• Promote safe work habits in cramped spaces, whether on the job or at home. Avoid awkward positions, and use equipment that makes lifting less awkward.

An accident report should be completed at the time of the incident noting what happened, who witnessed both the accident and the conditions that caused the fall along with any other relevant information such as lighting, weather (if accident occurred outdoors) or hidden hazards. The requirement for a report is generally a store or business policy, rather than mandated by law. However, the timely reporting of the accident is most beneficial for all involved parties.

If a report is not completed at the business location, occurred on a public street or sidewalk, occurred at private location or was not observed by others, take the time to write down your recollection of what happened as soon as you possibly can. Information you gather immediately or soon after the accident occurs is much more accurate than any gathered later on. Besides, timely recording of your recollection will help make your claim stronger. Include information such as:

  • Date and time the fall down accident occurred
  • A description of the circumstances surrounding the accident, such as grease or water being on the floor and there not being any signs warning you that the floor may be slippery
  • Who was present at the time the fall down accident occurred and a written record of the comments made by those who saw or helped after the fall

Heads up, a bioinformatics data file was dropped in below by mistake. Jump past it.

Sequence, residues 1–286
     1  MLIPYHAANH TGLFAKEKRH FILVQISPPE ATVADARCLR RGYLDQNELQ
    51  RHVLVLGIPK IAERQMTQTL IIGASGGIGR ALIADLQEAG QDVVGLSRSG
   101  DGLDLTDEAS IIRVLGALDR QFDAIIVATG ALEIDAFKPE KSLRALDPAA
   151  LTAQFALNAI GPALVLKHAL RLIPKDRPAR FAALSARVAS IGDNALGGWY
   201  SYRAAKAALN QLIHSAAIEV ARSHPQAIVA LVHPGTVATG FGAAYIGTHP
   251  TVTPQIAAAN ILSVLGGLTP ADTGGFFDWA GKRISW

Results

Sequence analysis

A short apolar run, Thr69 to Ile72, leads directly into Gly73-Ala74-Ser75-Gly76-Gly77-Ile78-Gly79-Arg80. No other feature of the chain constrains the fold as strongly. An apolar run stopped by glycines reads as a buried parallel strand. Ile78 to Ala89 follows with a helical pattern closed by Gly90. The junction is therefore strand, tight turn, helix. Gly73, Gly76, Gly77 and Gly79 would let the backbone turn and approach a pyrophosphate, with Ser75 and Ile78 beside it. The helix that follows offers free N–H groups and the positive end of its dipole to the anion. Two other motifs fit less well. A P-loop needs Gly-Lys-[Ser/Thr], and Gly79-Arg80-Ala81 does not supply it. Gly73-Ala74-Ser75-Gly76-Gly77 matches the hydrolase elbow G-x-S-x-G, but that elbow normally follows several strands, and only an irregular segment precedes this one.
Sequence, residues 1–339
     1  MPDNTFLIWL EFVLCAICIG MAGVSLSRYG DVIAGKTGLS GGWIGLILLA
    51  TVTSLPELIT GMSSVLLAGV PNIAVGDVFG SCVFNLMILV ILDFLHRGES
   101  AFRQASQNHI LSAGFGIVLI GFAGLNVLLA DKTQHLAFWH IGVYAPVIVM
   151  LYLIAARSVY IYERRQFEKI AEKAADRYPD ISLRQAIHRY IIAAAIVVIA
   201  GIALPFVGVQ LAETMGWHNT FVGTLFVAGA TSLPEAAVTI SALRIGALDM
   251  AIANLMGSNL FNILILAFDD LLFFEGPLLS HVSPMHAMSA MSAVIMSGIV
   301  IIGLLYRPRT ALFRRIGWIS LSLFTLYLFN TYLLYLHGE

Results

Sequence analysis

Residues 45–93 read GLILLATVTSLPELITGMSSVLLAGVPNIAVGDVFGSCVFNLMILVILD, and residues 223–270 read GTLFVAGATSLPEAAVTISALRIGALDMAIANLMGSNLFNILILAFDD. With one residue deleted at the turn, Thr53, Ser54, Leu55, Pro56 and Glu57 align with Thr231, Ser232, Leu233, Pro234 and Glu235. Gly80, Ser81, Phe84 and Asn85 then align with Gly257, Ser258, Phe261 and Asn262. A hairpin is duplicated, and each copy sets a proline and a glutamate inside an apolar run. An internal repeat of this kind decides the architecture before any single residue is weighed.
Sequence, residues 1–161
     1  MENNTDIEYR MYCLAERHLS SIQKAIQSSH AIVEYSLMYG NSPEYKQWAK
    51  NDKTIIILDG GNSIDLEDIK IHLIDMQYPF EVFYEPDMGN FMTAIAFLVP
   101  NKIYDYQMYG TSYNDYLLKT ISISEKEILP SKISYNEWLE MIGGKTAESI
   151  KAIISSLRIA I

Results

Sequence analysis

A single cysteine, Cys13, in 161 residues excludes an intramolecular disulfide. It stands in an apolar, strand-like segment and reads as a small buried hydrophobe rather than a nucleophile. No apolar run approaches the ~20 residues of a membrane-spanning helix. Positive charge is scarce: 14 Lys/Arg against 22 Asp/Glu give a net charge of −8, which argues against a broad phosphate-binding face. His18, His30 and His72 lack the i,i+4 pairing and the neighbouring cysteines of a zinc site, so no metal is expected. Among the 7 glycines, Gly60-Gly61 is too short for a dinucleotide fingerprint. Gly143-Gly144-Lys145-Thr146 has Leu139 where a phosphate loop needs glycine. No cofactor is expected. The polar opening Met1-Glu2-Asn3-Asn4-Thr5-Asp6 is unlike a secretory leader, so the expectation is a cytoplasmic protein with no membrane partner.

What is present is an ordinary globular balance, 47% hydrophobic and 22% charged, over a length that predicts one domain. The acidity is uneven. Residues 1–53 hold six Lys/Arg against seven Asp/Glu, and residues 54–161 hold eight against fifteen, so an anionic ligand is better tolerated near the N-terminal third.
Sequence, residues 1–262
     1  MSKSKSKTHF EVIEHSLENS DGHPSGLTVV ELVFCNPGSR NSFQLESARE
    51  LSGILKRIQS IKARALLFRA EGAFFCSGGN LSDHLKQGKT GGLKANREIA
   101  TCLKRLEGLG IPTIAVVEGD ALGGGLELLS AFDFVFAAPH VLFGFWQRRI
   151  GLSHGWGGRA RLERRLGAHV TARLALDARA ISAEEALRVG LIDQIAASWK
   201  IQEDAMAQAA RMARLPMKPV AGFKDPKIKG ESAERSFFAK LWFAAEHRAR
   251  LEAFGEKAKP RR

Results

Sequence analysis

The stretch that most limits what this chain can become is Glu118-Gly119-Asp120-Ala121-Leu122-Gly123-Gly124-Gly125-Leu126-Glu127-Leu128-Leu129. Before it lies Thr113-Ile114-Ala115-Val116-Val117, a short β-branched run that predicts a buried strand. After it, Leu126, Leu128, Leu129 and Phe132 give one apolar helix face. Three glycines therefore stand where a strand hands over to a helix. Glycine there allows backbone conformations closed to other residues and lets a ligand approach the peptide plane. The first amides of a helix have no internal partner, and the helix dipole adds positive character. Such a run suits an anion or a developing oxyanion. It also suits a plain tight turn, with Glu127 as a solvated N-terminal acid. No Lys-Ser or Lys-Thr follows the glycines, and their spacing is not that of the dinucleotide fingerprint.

• If possible, take photos of the area as soon after the accident occurred as possible, and
  • If you were physically hurt, have your injury treated immediately to help substantiate your slip and fall/trip and fall personal injury lawsuit. If treatment is delayed, the property owner may argue that it was not his or her negligence that caused your injury, but rather something that occurred between the time of the fall down accident and your visit to the doctor.

Both the property owner and the injured person may be held to varying degrees of responsibility for an injury. The property owner has a responsibility to keep property safe. Each person has a duty to watch where they are going, as well as realize that there are things that fall or spill onto walking surfaces. However, there is no way a person can anticipate all hazards. Besides, there are many cases where the residential or commercial property owner, or local, city, state or federal government entity is 100% at fault. For example, how many times have you seen missing manhole or utility covers from streets and sidewalks? Those types of hazards are extremely difficult to anticipate and they typically result in debilitating injuries.

If you are injured in a slip and fall accident, contact my firm right away to learn your legal rights and options. Time limitations may apply, so contact us as quickly as possible. Also, if the at-fault party is a local, city, state or federal government entity, different laws may apply which may affect your rights as an injured person. Don’t delay, as delays could affect your potential eligibility for a claim.

Commonly Asked Slip and Fall Accident Questions:

  • What to do after an accident?
  • Should I make a report?
  • Who will pay for my medical expenses and other damages?
  • What are other kinds of business or premises-related accidents have you handled?

There will NEVER be a fee unless there is a recovery made!

Gregg S. Harrison, Attorney at Law, PLLC
Greater Houston/Northwest Houston Slip and Fall Lawyer
Call for a FREE INITIAL CONSULTATION
Office: 281-929-0110
Cell: 832-797-7600
Email: gregg@greggharrison.com